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Knowing where the bodies are buried

Sucked In by Shane Maloney. Text, Melbourne, 2007, 276pp. Paperback, RRP $32.95, ISBN 978-1-921145-44-5, website.

Knowing where the bodies are buriedWinston Churchill described democracy as the worst political system – except for all the others. The same could be said about the Australian Labor Party amongst Australia’s political parties. Shane Maloney has recognised the potential for drama and farce within this historically significant institution, and created Murray Whelan as the vehicle through which these traits can be expressed. Sucked In sees Whelan reach a cynical peak, working the numbers to his advantage and as he Truly Believes, to the long term benefit of the party and nation.

Over the course of six novels, Whelan has risen through the ranks from trade union researcher to electorate secretary, to ministerial adviser and on into the Victorian Legislative Council. His seat of Melbourne Upper centres on Sydney Road where "rusted-on-blue-collar meets multicultural melting-pot". Whelan skilfully balances the interests of local branches that are predominantly Greek, Turkish and Lebanese. It is 1997 and the demand on everyone’s lips is 'please explain!' Whelan and his mentor Charlie Talbot, federal opposition frontbencher and "elder of the tribe" are on a bush tour called Labor Listens. As they dine in the Grand Hotel Mildura, Charlie dies suddenly while reading the Melbourne Herald Sun.

The intertwining stories of Sucked In involve Whelan’s attempts to protect Charlie’s reputation and to ensure that Coolaroo, Charlie’s seat in Canberra, which overlaps with Whelan’s state seat, goes to a suitable successor. The police are inquisitive because it seems possible that Charlie’s death was caused by a newspaper report that a body has been uncovered from Lake Nillahcootie. The body is likely that of Mervyn Cutlett, who disappeared at the lake in 1978 while on a fishing expedition with Charlie and other labour movement heavyweights to discuss union amalgamations.

Knowing where the bodies are buried is one means to ensure a successful career in the Labor Party, but Cutlett’s old associate Sid Gilpin is interested in blackmail of a financial kind. Whelan must tread carefully to ensure that no blame attaches to his deceased comrade Charlie, while maintaining some leverage with his companions at Lake Nillahcootie, and especially with Senator Barry Quinlan. By factional agreement, the Left, despite splitting more often than a "hyperactive amoeba", is to fill Charlie’s seat. Quinlan, the Left’s influential powerbroker, plans to parachute his staffer into the seat.

Whelan observes that "by long-established custom, the ALP is loath to pass up any opportunity to erupt into a full-fledged public brawl, particularly with a safe seat at stake". To manipulate the pre-selection process Whelan uses his knowledge of "the five basic moves in Labor decision-making — the stack and whack, the roll and fold, the shift and shaft, the Brereton variation and the whoops-a-daisy". It helps of course that he pays the annual dues of half the branch members.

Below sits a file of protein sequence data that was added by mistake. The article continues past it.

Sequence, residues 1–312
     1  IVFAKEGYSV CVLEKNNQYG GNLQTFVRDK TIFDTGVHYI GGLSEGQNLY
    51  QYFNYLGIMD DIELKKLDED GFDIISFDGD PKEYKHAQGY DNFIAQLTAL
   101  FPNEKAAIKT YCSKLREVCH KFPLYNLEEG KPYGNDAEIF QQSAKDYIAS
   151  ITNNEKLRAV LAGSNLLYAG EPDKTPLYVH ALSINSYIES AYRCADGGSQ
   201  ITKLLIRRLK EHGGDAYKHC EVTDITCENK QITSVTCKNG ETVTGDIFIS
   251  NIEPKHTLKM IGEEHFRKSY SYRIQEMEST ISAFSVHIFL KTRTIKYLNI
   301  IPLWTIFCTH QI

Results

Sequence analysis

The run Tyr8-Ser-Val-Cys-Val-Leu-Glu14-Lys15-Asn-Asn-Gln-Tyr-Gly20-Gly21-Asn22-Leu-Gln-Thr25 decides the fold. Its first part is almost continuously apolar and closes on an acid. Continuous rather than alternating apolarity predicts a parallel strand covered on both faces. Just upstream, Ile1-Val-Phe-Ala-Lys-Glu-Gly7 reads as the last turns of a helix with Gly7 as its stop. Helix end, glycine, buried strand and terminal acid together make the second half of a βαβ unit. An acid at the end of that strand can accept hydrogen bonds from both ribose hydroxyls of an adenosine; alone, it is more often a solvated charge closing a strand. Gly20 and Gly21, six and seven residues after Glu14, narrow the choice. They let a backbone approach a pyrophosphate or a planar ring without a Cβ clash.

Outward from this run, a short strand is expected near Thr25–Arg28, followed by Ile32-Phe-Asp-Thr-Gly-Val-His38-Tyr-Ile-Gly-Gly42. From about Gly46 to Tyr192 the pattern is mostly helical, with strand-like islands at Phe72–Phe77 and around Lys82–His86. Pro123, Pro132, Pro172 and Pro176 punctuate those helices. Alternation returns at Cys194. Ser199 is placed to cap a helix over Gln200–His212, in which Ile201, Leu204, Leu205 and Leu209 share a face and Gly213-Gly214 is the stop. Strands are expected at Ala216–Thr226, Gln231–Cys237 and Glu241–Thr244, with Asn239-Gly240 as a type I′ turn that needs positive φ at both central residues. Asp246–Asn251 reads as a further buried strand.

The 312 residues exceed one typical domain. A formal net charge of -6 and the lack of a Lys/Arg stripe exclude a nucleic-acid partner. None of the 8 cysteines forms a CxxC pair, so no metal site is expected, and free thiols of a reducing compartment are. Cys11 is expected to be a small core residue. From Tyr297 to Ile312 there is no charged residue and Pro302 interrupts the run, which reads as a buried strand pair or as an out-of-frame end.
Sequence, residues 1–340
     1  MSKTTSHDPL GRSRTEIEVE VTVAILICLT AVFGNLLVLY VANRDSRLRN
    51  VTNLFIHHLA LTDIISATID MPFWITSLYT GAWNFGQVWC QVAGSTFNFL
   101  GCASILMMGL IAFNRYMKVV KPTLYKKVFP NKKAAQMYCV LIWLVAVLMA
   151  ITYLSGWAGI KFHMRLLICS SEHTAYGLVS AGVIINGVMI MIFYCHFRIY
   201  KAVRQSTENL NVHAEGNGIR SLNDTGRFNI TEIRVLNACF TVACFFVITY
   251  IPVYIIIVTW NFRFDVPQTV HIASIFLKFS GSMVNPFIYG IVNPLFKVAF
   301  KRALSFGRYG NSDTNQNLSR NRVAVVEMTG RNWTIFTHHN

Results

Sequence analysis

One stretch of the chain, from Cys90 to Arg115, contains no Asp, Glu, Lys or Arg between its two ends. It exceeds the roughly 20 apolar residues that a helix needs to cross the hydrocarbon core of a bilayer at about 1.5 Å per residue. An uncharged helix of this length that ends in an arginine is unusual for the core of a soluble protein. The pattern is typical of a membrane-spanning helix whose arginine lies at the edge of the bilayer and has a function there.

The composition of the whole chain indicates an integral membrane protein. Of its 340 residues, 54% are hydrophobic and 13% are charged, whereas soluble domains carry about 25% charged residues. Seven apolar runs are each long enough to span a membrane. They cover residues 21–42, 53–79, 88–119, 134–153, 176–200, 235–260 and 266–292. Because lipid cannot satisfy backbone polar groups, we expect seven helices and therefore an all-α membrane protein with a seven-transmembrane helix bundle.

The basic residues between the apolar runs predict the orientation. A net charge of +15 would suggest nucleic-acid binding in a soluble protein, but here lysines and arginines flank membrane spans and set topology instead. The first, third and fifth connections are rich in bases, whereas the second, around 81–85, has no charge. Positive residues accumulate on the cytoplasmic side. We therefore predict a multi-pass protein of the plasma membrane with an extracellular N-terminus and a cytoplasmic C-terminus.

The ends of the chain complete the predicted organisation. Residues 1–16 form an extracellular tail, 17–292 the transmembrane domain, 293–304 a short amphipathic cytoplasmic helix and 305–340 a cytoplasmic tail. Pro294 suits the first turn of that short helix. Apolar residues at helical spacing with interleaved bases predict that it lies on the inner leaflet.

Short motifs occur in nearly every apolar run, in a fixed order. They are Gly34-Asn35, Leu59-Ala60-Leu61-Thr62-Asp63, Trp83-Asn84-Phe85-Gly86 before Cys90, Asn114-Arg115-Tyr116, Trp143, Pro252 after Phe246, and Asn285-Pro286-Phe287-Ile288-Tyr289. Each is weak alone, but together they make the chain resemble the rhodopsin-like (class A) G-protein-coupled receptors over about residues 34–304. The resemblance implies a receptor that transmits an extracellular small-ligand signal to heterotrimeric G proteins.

Knowing where the bodies are buriedWhile Labor might come across as full of contradictions, other parties are dismissed as uninteresting. Premier Kenneth Jeffries, with his "trademark cowlick...comb of a strutting cockerel" heads a government claiming to have 'Victoria – On the Move'. Whelan says "On the take more likely, I thought. You could smell the greed in the air". The major parties consider the Greens "fruit bats in the political canopy".

Once a political fringe dweller, Whelan is now absorbed in the party and parliament. Maloney paints a comprehensive picture of political life, particularly its paradoxes and extravagances. One chapter deals with the aphrodisiac of power as Whelan and television journalist Kelly Cusack engage in quick sex, excitement heightened by the possibility of discovery, in this case on the despatch table in the Legislative Council.

While Sucked In is solid on the work of the MP, it is perhaps less of the thriller than the previous Whelan novels. Initially a likeable muddler, Murray Whelan has become very slick. Perhaps he could not have survived without developing his ruthlessness and cunning, but the mature Murray seems less appealing. So it is that his relationship with his son Red provides some relief from the political grind. Now finishing high school and begging driving lessons at every opportunity, Red has developed into a responsible lad despite being torn between his separated parents in Melbourne and Sydney. Murray thinks Red is fine considering he has a politician for a father and a "loser politician" at that. However, Red is often a few steps ahead of Murray.

Whelan too is learning. He studies Greek conversation, mainly to woo classmate Andrea Lane. Curiously, Maloney renders some phrases in Greek script without further explanation. Generally however, Maloney needs no translation for lovers of breezy prose crammed with contemporary references. Sucked In is an easy, entertaining read as we approach yet another federal election in which the leaders’ images provide the only real choice against a background of policy convergence. But for its indubitable basis in reality, Sucked In would be fine therapy for those jaded Australians who desperately hope to see some idealism erupt in affairs of state.



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